Code: Select all
` b  |  a a  |  b`

-- therefore our earlier exclusion of b in the 4th cell was wrong
this probably means
that the puzzle has more than one answer
thus making some unjustified exclusions

makes no difference how it happened --
our earlier exclusion of b in the 4th cell was wrong,
might as well exclude the a in the 4th cell

Pat

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Hi all,

When I introduced that small example, I would never have thought it would generate so many comments.

champagne
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I think the following may have bearing on the subject of this thread.

While working out a solution to loop 2 of the puzzle Fata Morgana Illusion of Fata Morgana, I noticed that the core of the logic seems to make a deadly/unique rectangle, core refers to the six cells in the center band that contain candidates (136). Using pure sudoku rule-1 logic, this core produces a pattern of several SIS that combine in a way that leads to the eliminations.

I guess my question is first, this is a UR/DR/AUR, right? second, how does one enumerate strong inference sets related to the UR? By my set way of thinking, this UR should have enough "uniqueness power" to force 2 candidates outside to be true, however I have little practical UR experience.
Code: Select all
`Elimination logic, no eliminates included   +--------------------------------------------------+  |       6    6  |               |         1        |  | 3     3       |               |                  |  | 3          6  |  136      136 |              1   |  +--------------------------------------------------+  |       136     |               |                  |  |       136  6  |  136      136 |  3     136       |  |               |               |        136       |  +--------------------------------------------------+  |  1            |  136      136 |  3           6   |  |               |               |        6     6   |  |       1       |               |  3     3         |  +--------------------------------------------------+Full Pencil Grid:  +-----------------------------------------------------------------------------+  | 2458    247(6)  245678  | 126789  16789   1678    | 24589   248(1)  3       |  | 2348    247(3)  1       | 23789   3789    5       | 6       248     249     |  | 258(3)  9       258(6)  | 28(136) 4       8(136)  | 258     7       25(1)   |  +-----------------------------------------------------------------------------+  | 12348   (136)   2468    | 13678   13678   9       | 2347    5       12467   |  | 7       24(136) 2469    | (136)   5       (136)   | 2349    24(136) 8       |  | 1389    5       689     | 4       13678   2       | 379     (136)   1679    |  +-----------------------------------------------------------------------------+  | 45(1)   8       457     | 7(136)  2       47(136) | 457(3)  9       457(6)  |  | 249     247     3       | 5       6789    4678    | 1       248(6)  2467    |  | 6       247(1)  24579   | 13789   13789   13478   | 234578  248(3)  2457    |  +-----------------------------------------------------------------------------+`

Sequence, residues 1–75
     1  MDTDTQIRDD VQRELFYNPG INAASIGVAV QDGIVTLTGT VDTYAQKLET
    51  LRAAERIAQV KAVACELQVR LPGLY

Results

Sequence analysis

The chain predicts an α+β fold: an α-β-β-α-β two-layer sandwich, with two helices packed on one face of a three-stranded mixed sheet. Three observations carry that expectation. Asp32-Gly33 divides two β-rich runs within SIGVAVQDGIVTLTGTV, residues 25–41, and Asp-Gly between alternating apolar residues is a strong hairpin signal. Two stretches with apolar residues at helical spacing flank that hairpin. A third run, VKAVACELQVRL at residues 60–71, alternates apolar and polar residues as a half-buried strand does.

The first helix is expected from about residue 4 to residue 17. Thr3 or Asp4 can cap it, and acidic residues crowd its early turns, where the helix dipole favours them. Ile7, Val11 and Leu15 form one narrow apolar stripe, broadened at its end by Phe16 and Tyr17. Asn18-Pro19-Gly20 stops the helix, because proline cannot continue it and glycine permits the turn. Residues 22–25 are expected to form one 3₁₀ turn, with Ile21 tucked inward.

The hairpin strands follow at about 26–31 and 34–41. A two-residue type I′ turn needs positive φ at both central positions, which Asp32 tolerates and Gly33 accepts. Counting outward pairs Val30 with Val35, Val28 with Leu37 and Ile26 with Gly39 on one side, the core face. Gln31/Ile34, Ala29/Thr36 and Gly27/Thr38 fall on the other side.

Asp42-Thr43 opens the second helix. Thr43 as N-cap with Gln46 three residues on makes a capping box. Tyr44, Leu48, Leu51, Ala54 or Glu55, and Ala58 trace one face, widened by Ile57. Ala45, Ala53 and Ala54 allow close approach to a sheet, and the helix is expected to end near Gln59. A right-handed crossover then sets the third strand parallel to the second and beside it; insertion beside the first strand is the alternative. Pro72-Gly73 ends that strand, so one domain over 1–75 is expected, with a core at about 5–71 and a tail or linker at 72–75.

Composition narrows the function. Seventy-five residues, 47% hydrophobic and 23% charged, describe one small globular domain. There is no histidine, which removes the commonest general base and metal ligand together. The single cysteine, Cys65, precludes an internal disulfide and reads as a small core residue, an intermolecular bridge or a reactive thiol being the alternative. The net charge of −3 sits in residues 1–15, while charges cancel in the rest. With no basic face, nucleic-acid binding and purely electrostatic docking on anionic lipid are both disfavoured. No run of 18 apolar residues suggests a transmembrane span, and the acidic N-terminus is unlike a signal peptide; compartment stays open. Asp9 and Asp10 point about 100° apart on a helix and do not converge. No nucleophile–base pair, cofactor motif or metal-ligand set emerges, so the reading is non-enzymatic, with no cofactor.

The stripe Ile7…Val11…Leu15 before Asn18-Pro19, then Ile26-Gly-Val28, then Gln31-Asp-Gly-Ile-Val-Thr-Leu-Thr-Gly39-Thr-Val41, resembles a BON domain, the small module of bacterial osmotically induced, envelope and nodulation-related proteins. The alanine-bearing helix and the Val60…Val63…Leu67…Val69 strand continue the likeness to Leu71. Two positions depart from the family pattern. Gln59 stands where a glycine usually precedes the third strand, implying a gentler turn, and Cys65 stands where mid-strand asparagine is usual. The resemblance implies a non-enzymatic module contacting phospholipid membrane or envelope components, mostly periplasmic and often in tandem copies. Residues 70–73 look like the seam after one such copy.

Of course, the pie in the sky would be a common logical framework that smoothly integrates URs to the rest of Sudoku logic.

If this turns out to be better placed in th FM thread, I can drag it over there leaving a reference here.
Allan Barker

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no allan that is right on topic.

i have been building 9-10+ er rated puzzles based on

hidden linked fish (3x same arrangment patterns occuping the same cells.

they form a deadly pattern in them selves exactly as you have dipicted.

notes:
4X fish patterns can do the same thing as well.
Some do, some teach, the rest look it up.

StrmCkr

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You might wish to bone up on MUGs

Code: Select all
`   +--------------------------------------------------+   |               |               |                  |   |               |               |                  |   |               |  136      136 |                  |   +--------------------------------------------------+   |               |               |                  |   |               |  136      136 |                  |   |               |               |                  |   +--------------------------------------------------+   |               |  136      136 |                  |   |               |               |                  |   |               |               |                  |   +--------------------------------------------------+ `

This is a permeable MUG deadly pattern that will require at least four cells in r357c1235789 to solve to 1, 3, and/or 6. Same thing can be said for cells in b258 outside of the pattern.
Myth Jellies